June 18, 2020

How to Crunch Your Numbers When Analyzing Deals and It's NOT by Using "The 70% Rule"


If there is something outdated in this house flipping industry it is the way gurus preach to determine your offer price. The 70% Rule is outdated and irrelevant in MOST markets.

I have good news, though! I'm sharing my Profitable Flip Formula™ with you in this episode.

With this formula, your desired profit drives the offer. With the 70% Rule, your profit is an afterthought.

Profit drives your business, shouldn't it drive your offer?

Thought so!

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Transcript

 

Intro 00:01
You're listening to the flip houses like a girl podcast where we educate, empower and celebrate everyday women who are facing their fears, juggling family and business, embracing their awesomeness and wholeheartedly chasing their dream of flipping houses. Each episode delivers honest to goodness tools, tips and strategies you can implement today to get closer to your first or next successful house flip. Here's your spiky haired breakfast taco loving host house flipping coach, Debbie DeBerry.

Debbie DeBerry 00:38
Hey, what's up you guys, thank you for tuning in and hanging out with me a little bit today. I really appreciate it. So to kick things off, I want to do another listener shout out. So if you haven't already, and you feel like you're getting value out of this little podcast of ours, would you please do me a huge favor and leave a rating and a review on iTunes. I know not everybody listens on iTunes. And for whatever reason, iTunes is where it's important to have these ratings and reviews. Depending on the feedback a show gets. It gets more basically it gets more visibility. So all right, this shout out goes to username Haley, TX, she says worth it super informative, inspiring and thoughtful episodes on everything you need to get started flipping houses. Awesome. I love that review. Thank you so much for taking the time to share your feedback. It means a lot to me. It does. All right. My whole goal is to inspire women to chase their dream of flipping houses. And I do so by having authentic conversations with you. And sharing stories of everyday women who are successfully doing this. I don't believe in interviewing gurus that are on every other podcast out there or experts. I don't want to hear from the same people over and over. And I don't think that inspires people. What inspires me. And what I understand inspires many of you, based on conversations we've had is seeing someone who is like us successfully doing what it is we want to do. So that's not gurus and experts, that's everyday women out there crushing it. And all of that is to instill in you that you absolutely can do this successfully. All right.

All right, I just had to have that little pep talk with you. Okay. So now that that's out of the way, let's go ahead and jump into the controversial topic of me, totally not agreeing with the real estate investing gurus, a 70% rule that they throw around when it comes to flipping houses. And I want to, I'm going to give you some very specific reasons why that rule should be taken out back and gotten rid of, and I'm going to give you an even better formula to follow. All right. So let's get into it. What the heck is the 70% rule, Debbie? All right. Many of you are gonna know many of you won't. And if you don't, I'm kind of glad. All right, because like I said, you shouldn't be using it. Because like I said, I don't agree with it. Anyway, the 70% rule is considered the golden rule from old school gurus. All right. Basically, what it says is your maximum offer should be 70% of the ARV. All right, so ARV after repair value 70% of the ARV minus the repairs, all right. So minus the estimated repairs. All right, let's use some numbers just so we can understand that. Okay, let's say the house is going to be worth $350,000. Okay, that's the ARV after repair value, all right. And let's see the estimated repairs around $60,000. So according to the good old boys 70% rule, your max offer should be 70% of 350,000 which is 245,000 minus the $60,000 repair estimate. That brings you to $185,000. Okay, your math Some offer should not exceed $185,000. All right, so let's talk about some variables here because we need some definitions, we need some variables that are crucial to understanding what the heck even goes into creating an offer. All right. So the ARV we have that that's the after repair value, what the house will be worth, once it's renovated. You've also got purchase closing costs charged by the title company, or the attorney, whoever's closing the transaction. You've also got purchase closing costs associated with the loan. All right. So when I talk about purchase closing costs, we're talking about those all costs associated with the purchase, including title fees, and loan fees, right? Then we've got carrying costs. Okay, so carrying costs are going to include anything that you're paying to own the house. Okay? So it's determined by the length of ownership. You've got loan payments, property taxes, builder's risk, insurance, electricity, water, sewer, trash, hoa, if applicable, and any other ongoing costs like that. All right. Now, you've got the sale, closing costs. Alright, so closing costs associated with the sale of the property. Again, you've got some title fees in there. Or whoever is closing, whoever your closing company is, they have fees associated with the closing. Usually it's the title company, sometimes it's an attorney, whatever it is, all right. And then you've also got real estate agent commissions. Okay. So when I talk about closing costs associated with the sale, I'm talking about any title fees, and any real estate agent commission, so anything you have to pay to sell the property, all right. And then your net profit is what actually goes into your pocket after the sale once all of the expenses are accounted for. All right, so it's what is left. It's not the check that you take home, because usually that's got some other fees built into it. It's what's left after all expenses are accounted for. Okay. All right. So in summary, we've got the ARV. We've got the purchase closing costs. We've got the estimated repairs, we've got the carrying costs, and we've got the sale closing costs. Okay. We also talked about net profit, but those first items without the net profit, that's what's going into the 30% margin in that 70% rule. Okay, so some of you I've lost, Alright, so, if you, if you've got 70% out of 100, the remaining amount is 30%. Right? Okay, so in that 30%, all of those things are accounted for the estimator repairs, the purchase, closing costs, the sale, closing costs, the carrying costs, all of those things are bundled into that 30%. Okay, so let's get into why this golden rule is way past its prime. Okay. So first of all, I really do think it's lazy. And let me tell you why. Your number one job, as a house flipping business owner, is to know your numbers. I know I didn't say generate leads. That's what all the Guru's say your number one job is to generate leads, which is totally false. Because if you're just generating crap leads, you are not benefiting anyone. Okay. So your number one job is to know your numbers. If you're generating leads, and your numbers are crap, you'll be out of business and there won't be any need for lead generation. All right, trust me. If you are simply lumping all of those variables that we talked about above, into that 30% margin, you're not breaking them out individually. All right. And if you aren't doing that, then you don't really have an understanding of the numbers that go into it. And you don't fully understand how you can control some of those variables. Influence some of those variables. So that's why, for me, it feels very lazy. It's like a real estate guru says, Hey, just go use this formula, it doesn't really matter what goes into the 30% just use the formula. No, it absolutely does matter. I want to teach you so that you are empowered to make smart decisions for your business. All right, I want to teach you all the things that go into it. So that you really do have, like this nitty gritty understanding. When you're just lumping everything in there, and not really dissecting it out and understanding each line item that I went over before. You're not understanding how to impact things. Okay, meaning, what's the potential net profit on that deal when you're just using the 70% rule? By using that rule, you aren't tweaking that net profit? You're just getting what's left over? Instead of saying, No, I'm not willing to take less than 25 grand on this deal. Or I'm not willing to take less than 70 grand because this is really involved. It's a longer project, and it's just going to be more intense. You're not able to do that with the 70% rule, you aren't able to change that number, because the profit is just what's left over after you've accounted for all the other things. Does that make sense? All right. So also, you aren't taking into account your specific lenders terms. If you're just using the 70% rule, it doesn't matter what your lenders terms are, it's all lumped in there. So if you are determining which lender to use, or do I want to use my own cash, you're not able to look at and break it out. what the difference is, between using your own cash using this lender with these terms, are you using that lender with those terms? It doesn't break things out. And that's my beef. All right, it doesn't give you any power over the outcome. I could go on. How does your net profit vary depending upon the project timeline, or the property taxes? Or what your insurance premium cost is? or any of the other variables? Do you see why I'm really frustrated with the laziness of that rule? Alright, so the first reason I dislike it is because it's lazy. Meaning it doesn't empower you to have control over your finances and over your project and over your business really. All right. And secondly, if you are trying to use this 70% rule in most major metro areas, where prices are at least two to 50 and above, you're going up against investors who are paying way more than that, and you are not going to get a deal. So the better option is to really understand the numbers and the variables that go into the formula to make a reasonable and respectable offer that will still make you money. Okay? I've never used the 70% rule since 2008. And I've made plenty of money without it, you do not need it. And again, if you are bidding on properties that other investors are bidding on, you aren't going to get the deal. You're losing money, you're losing opportunities to flip houses. So let's be smart.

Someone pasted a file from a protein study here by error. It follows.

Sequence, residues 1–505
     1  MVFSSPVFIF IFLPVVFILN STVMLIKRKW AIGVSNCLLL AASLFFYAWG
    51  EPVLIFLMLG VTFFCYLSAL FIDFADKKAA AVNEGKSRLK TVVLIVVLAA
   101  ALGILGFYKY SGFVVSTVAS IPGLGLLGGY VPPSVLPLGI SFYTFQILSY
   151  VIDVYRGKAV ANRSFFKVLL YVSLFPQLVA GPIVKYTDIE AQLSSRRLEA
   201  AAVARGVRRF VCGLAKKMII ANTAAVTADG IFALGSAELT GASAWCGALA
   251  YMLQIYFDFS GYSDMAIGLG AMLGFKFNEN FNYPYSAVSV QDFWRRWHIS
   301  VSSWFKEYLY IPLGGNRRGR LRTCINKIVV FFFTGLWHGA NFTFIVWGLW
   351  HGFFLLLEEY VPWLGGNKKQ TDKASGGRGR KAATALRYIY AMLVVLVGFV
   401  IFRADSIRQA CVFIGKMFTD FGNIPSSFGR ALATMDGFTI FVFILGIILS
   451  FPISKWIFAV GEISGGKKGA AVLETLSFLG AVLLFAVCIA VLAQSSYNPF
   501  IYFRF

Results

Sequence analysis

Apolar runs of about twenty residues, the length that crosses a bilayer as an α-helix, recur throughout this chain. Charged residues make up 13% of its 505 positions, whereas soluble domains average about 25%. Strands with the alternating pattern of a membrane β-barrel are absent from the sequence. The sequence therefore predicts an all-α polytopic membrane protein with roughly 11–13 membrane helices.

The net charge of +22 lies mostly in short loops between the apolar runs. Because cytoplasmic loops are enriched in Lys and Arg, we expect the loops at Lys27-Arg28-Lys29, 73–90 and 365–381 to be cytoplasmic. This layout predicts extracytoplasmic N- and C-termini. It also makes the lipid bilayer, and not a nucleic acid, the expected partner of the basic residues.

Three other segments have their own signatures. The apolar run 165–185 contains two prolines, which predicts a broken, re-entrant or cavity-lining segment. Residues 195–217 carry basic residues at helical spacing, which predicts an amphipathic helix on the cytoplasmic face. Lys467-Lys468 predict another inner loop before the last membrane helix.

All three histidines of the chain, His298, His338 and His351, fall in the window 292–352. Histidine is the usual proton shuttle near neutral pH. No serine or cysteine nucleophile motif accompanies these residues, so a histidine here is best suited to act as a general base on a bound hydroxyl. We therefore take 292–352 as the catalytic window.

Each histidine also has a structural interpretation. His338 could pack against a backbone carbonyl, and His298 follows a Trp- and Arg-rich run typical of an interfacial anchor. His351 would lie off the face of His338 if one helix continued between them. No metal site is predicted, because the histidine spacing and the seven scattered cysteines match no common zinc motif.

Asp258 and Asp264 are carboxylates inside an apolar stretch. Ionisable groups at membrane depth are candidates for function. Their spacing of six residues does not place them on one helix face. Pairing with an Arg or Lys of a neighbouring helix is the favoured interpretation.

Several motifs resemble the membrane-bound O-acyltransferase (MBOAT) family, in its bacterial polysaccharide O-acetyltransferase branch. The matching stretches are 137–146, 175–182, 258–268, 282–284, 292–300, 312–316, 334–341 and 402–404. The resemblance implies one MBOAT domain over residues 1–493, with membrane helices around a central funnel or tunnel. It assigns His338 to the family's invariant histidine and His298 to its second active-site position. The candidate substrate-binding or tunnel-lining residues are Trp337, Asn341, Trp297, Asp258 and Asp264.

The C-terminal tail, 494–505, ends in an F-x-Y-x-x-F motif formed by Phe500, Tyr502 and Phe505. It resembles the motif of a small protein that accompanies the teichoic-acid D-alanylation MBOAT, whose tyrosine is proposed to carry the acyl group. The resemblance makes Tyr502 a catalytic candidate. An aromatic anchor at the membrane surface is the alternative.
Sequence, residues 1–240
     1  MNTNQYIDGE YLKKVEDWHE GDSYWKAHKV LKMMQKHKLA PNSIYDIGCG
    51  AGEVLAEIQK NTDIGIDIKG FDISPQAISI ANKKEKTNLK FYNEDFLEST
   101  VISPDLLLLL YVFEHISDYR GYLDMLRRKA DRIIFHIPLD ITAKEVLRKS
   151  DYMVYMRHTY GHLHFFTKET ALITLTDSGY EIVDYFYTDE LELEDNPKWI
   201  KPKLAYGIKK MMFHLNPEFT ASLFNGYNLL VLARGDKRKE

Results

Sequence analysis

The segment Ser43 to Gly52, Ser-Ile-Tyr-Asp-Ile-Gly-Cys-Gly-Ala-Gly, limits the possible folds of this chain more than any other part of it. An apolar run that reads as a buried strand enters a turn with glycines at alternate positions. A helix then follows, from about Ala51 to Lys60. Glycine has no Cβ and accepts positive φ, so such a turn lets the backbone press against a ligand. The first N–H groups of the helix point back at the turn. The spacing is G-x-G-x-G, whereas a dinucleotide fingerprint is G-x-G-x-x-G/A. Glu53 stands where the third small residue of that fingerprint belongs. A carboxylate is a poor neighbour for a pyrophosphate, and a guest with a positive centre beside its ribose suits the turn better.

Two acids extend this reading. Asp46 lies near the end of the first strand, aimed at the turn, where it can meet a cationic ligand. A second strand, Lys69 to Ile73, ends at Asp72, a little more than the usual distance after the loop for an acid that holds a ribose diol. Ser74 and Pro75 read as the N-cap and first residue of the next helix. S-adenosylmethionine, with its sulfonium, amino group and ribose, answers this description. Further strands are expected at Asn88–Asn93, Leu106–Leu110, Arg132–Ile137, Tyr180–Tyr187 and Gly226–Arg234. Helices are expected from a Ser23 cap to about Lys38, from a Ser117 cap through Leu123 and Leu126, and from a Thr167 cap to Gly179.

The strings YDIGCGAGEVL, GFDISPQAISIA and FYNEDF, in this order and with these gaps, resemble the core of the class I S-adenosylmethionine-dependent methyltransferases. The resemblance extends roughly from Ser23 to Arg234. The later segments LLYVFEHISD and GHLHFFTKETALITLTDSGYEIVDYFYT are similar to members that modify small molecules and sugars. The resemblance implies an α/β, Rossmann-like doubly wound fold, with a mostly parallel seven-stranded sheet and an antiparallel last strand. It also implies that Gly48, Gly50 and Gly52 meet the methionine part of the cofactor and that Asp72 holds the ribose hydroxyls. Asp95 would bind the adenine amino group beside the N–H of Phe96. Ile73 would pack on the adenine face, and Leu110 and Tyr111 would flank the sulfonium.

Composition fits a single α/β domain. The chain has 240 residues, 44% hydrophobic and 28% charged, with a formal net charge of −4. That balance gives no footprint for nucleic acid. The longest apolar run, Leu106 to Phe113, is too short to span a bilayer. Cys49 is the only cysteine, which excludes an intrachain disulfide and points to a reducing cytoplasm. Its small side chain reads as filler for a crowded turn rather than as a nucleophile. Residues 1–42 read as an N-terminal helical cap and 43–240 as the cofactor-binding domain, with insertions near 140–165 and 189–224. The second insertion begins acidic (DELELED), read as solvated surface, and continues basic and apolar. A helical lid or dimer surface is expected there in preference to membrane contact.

All right. Understand the variables understand the numbers. All right, you've totally got this. Okay, so just as an example, let's compare that previous example I used for the 70% rule formula, right? The ARV was 350,000, the repairs were 60. And we came up with using the 70% rule, we came up with a maximum offer of 185,000. Okay, now, using my profitable flip formula, your offer would be 204 950. All right, so you're basically offering 20 grand more to the seller, which offer Do you think the seller is going to take all things being equal on both of those offers except for the period Price being about $20,000 different. Which one would you take?

That's exactly. Problem number two with the 70% rule. Okay. All right. So I mentioned it just a minute ago, but I'll tell you exactly what my profitable flip formula is. All right, you're ready. If you're driving, don't worry, just listen to this later and write down the formula. It's very simple. It's all those variables that we talked about. Okay? So here's what you're doing, you're using the ARV from that you're subtracting the purchase closing costs, minus the carrying costs, minus the repairs, minus the sale, closing costs. minus a buffer, always add a buffer, always add a contingency minus your minimum profit that you are willing to take on this deal on this deal, that's a pickle on this deal. Right? Do you notice how the other formula again, you don't get to say what your minimum profit is? It tells you what your minimum profit is? No, I don't want to be in that kind of business. So recap. ARV minus, purchase closing costs, minus your carrying costs, minus your repairs, minus your sale, closing costs, minus your buffer, and minus your minimum net profit that you're willing to take. All of those things bring you to your maximum offer. Done.

All right. That's it. That's all you have to know, in terms of the formula. Okay, do you see how much more control you have? over the deal? And how much more of an understanding you have of the specific numbers and variables that go into it. Okay, so can we just stop talking about the 70% rule? I'm seeing it less and less, thankfully. But maybe that's because I'm just not hanging out with certain certain people anymore. So maybe that's why and I'm okay with not seeing it. Because it's really, it's just it's a disservice to people. It does not teach or empower you.

All right. I hope you got a ton of value out of that, when you can listen to it when you can write down some notes because I know Look, I'm super visual. And so I need to see numbers and I need to map it out like that. So I get it. All right, when you can do that. Sit down and and listen to it again. Okay. All right. You know the drill. Until next time, go out there, flip houses like a girl. Leave people in places better than you find them and make it a great day. Bye.